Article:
ShareShareSharePrintMailGooglePinterestDiggRedditStumbleuponDeliciousBufferTumblr As credit unions continue to deal with changing regulatory and economic environments amid the coronavirus pandemic, NAFCU wants to know: What issues are keeping industry CFOs and related financial executives up at night?Via a one-question survey, credit union CFOs, vice presidents of finance, controllers and those in other finance-related roles can share the top three issues they are most concerned about in the next six months to a year, including:taxation;interest compression;decline fee income;default rates; continue reading »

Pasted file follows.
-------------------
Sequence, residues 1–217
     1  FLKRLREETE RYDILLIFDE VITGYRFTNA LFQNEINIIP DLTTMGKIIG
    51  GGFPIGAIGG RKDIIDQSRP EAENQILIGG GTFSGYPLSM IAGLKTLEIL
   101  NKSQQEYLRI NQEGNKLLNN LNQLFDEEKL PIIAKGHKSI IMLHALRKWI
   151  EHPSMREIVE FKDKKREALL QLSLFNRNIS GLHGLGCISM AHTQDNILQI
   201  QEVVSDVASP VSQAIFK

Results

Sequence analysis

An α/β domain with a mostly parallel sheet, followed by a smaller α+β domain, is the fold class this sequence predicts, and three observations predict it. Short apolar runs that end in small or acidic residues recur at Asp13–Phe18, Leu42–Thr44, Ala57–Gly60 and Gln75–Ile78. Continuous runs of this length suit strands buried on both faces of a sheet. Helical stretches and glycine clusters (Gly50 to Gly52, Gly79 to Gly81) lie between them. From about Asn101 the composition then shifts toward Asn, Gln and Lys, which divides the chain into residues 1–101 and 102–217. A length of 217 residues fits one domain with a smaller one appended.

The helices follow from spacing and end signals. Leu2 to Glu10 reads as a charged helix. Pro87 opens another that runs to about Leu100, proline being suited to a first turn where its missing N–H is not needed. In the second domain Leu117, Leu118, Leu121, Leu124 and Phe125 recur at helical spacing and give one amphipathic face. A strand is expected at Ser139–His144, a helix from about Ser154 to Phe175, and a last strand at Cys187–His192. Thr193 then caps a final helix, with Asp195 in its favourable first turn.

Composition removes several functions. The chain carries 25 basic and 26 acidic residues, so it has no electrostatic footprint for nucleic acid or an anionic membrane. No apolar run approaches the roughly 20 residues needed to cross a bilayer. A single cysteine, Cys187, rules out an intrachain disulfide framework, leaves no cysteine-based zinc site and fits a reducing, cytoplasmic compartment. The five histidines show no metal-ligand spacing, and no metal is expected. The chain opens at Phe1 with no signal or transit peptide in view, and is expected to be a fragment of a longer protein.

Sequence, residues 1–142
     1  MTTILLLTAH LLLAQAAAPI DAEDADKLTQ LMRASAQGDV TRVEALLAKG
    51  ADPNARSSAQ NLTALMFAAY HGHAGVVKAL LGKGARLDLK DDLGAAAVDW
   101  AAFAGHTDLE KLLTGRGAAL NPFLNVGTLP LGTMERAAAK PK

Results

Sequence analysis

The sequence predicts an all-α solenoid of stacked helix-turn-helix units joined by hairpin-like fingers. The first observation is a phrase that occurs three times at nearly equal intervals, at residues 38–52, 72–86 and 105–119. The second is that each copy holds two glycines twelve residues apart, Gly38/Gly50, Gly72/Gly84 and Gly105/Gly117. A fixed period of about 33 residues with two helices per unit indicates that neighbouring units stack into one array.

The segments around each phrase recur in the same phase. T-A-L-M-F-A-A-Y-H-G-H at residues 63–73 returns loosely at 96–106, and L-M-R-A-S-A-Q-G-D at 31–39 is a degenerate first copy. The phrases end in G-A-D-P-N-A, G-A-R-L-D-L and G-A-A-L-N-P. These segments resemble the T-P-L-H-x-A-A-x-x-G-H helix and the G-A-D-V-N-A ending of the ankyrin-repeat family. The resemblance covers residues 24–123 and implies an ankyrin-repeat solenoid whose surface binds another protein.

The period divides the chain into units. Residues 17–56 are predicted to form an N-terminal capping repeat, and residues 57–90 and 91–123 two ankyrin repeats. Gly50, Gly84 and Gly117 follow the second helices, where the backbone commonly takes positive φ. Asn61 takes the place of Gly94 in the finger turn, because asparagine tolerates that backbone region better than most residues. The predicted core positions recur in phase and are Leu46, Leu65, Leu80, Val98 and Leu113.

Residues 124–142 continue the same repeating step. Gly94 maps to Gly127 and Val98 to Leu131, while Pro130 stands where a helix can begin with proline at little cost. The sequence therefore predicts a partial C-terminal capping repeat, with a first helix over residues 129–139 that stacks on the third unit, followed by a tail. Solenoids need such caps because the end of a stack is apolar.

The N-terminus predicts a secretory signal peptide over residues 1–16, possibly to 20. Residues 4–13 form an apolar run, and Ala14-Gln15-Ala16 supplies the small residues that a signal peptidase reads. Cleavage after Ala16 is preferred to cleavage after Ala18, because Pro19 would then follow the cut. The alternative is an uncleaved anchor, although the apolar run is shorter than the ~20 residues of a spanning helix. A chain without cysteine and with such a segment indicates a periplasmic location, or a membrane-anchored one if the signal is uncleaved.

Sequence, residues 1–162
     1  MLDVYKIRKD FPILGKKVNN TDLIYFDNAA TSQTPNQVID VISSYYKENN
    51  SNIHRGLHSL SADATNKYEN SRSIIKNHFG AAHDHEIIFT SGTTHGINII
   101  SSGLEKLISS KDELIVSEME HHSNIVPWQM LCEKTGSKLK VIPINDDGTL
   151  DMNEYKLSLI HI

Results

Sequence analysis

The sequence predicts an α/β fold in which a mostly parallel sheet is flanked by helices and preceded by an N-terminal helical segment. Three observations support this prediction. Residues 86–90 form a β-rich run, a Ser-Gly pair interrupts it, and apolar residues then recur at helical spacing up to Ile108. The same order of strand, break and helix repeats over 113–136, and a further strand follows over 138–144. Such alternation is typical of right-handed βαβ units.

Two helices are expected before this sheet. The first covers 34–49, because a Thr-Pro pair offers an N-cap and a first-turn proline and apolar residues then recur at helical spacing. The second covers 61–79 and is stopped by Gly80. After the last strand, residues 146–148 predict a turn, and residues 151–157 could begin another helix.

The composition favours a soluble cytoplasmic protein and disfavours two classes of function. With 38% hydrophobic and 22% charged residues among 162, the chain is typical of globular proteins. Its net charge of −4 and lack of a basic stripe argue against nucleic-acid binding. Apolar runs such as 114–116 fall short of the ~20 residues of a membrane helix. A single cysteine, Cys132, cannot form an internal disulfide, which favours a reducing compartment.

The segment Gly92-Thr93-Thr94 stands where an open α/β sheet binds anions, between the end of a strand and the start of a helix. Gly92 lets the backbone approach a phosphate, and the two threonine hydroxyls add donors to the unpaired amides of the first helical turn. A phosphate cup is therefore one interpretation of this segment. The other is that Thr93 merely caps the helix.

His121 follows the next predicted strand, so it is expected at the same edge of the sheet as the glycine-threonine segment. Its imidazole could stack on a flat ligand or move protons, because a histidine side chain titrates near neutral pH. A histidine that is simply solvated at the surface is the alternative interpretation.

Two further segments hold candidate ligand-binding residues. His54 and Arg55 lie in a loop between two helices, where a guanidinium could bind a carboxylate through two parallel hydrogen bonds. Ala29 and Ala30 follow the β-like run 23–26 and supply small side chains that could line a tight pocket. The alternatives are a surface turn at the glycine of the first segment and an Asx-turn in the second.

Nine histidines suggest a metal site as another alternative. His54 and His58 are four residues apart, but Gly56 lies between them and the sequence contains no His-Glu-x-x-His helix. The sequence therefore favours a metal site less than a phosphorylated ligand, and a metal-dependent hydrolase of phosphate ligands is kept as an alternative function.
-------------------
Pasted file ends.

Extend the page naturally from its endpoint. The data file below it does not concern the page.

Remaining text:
They claimed they were protecting “states’ rights.”And then there was the “New Federalism” advocated by President Ronald Reagan in 1981.For Reagan, it meant cutting federal spending (the main purpose) and transferring responsibilities (mostly responsibilities to the poor and to children) back to the states — who of course couldn’t afford to fulfill them. It wasn’t really about federalism any more than opposition to the New Deal or to civil rights was.Strom Thurmond, the South Carolina senator who led the fight against civil rights, didn’t believe that it should be his home state that provided equality to black schoolchildren.President Reagan’s team was committed to reducing the size of government — and reducing its role in helping the poor and the needy — at both the state and federal level.Justice Louis Brandeis famously wrote of our federal system that the division of powers between the federal government — with its “limited” powers specifically delineated by the Constitution — and the state governments, which continue to possess all powers not given to the federal government, would allow the states to “serve as a laboratory” and “try novel social and economic experiments without risk to the rest of the country.”It took a while, but liberals finally got the idea. So why did the Trump administration announce last week that it intends to ignore the will of the voters, trample the rights of the states and enforce federal marijuana laws that are totally and completely inconsistent with everything states such as California are trying to do?Federal prosecutors are not going to be out there prosecuting recreational users, Trump’s posturing notwithstanding.Juries are composed of the very same people who voted to legalize recreational use. Try finding one that would convict.A dealer who imports and sells to kids across state lines is another thing; Trump didn’t need to make an announcement to give notice to them that federal law enforcement was still interested.All Trump accomplished last week was to prove the blatant hypocrisy that has long plagued the concept of federalism. And tick off a whole lot of people in a whole lot of states.Susan Estrich is a nationally syndicated columnist.More from The Daily Gazette:EDITORIAL: Thruway tax unfair to working motoristsEDITORIAL: Beware of voter intimidationFoss: Should main downtown branch of the Schenectady County Public Library reopen?EDITORIAL: Urgent: Today is the last day to complete the censusEDITORIAL: Find a way to get family members into nursing homes Categories: Editorial, OpinionFor most of the 20th century, “federalism” was the cry of conservatives battling growing federal power that came, constitutionally at least, at the expense of the states.So their response to Franklin Delano Roosevelt’s New Deal was not that children should work endless hours in unsafe conditions but that the federal government had no business legislating programs and laws to end child labor and establish minimum standards for work, labor and hour regulation and the rest.It was only after President Roosevelt threatened to pack the Supreme Court that the conservatives on the Court finally gave in.Likewise, during the civil rights battles of the 1950s and 1960s, the opponents of civil rights in Congress and in the governors’ mansions did not come right out and say that black law students, college students and schoolchildren should attend schools that were both separate and terrible. Justice William Brennan wrote a famous article in the Harvard Law Review during the dark days (for liberals) of Warren Burger’s tenure as chief justice.Brennan called on states to use their own constitutions to protect their citizens where the federal government refused to.Activists on various issues, including the environment and civil rights, increasingly looked to the states to act where the federal government would not.Federalism.Cannabis, anyone?In California, as in a growing number of states, the voters last year approved the recreational use of marijuana — complete with a whopping 15 percent (or higher) tax.Nationally, a majority of Americans support legalization. State after state has approved initiatives allowing first for medical marijuana and, more recently, for recreational use. States’ rights.